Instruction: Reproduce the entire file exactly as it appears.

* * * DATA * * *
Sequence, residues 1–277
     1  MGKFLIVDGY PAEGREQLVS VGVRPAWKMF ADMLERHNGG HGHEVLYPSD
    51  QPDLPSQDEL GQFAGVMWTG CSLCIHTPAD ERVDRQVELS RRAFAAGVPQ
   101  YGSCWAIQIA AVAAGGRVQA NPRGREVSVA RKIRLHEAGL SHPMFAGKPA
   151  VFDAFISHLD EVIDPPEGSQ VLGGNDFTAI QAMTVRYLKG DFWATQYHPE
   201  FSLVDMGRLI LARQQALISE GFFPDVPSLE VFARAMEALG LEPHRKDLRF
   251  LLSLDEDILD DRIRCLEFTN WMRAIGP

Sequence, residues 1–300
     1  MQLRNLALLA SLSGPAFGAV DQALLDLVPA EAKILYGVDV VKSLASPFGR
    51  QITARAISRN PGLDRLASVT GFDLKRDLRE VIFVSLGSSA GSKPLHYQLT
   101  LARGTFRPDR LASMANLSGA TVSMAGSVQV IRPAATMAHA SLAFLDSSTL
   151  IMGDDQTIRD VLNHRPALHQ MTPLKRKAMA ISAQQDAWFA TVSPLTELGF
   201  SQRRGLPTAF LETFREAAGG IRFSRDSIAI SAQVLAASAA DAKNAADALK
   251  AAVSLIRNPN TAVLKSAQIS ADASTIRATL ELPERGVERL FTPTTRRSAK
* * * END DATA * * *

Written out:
Sequence, residues 1–277
     1  MGKFLIVDGY PAEGREQLVS VGVRPAWKMF ADMLERHNGG HGHEVLYPSD
    51  QPDLPSQDEL GQFAGVMWTG CSLCIHTPAD ERVDRQVELS RRAFAAGVPQ
   101  YGSCWAIQIA AVAAGGRVQA NPRGREVSVA RKIRLHEAGL SHPMFAGKPA
   151  VFDAFISHLD EVIDPPEGSQ VLGGNDFTAI QAMTVRYLKG DFWATQYHPE
   201  FSLVDMGRLI LARQQALISE GFFPDVPSLE VFARAMEALG LEPHRKDLRF
   251  LLSLDEDILD DRIRCLEFTN WMRAIGP

Sequence, residues 1–300
     1  MQLRNLALLA SLSGPAFGAV DQALLDLVPA EAKILYGVDV VKSLASPFGR
    51  QITARAISRN PGLDRLASVT GFDLKRDLRE VIFVSLGSSA GSKPLHYQLT
   101  LARGTFRPDR LASMANLSGA TVSMAGSVQV IRPAATMAHA SLAFLDSSTL
   151  IMGDDQTIRD VLNHRPALHQ MTPLKRKAMA ISAQQDAWFA TVSPLTELGF
   201  SQRRGLPTAF LETFREAAGG IRFSRDSIAI SAQVLAASAA DAKNAADALK
   251  AAVSLIRNPN TAVLKSAQIS ADASTIRATL ELPERGVERL FTPTTRRSAK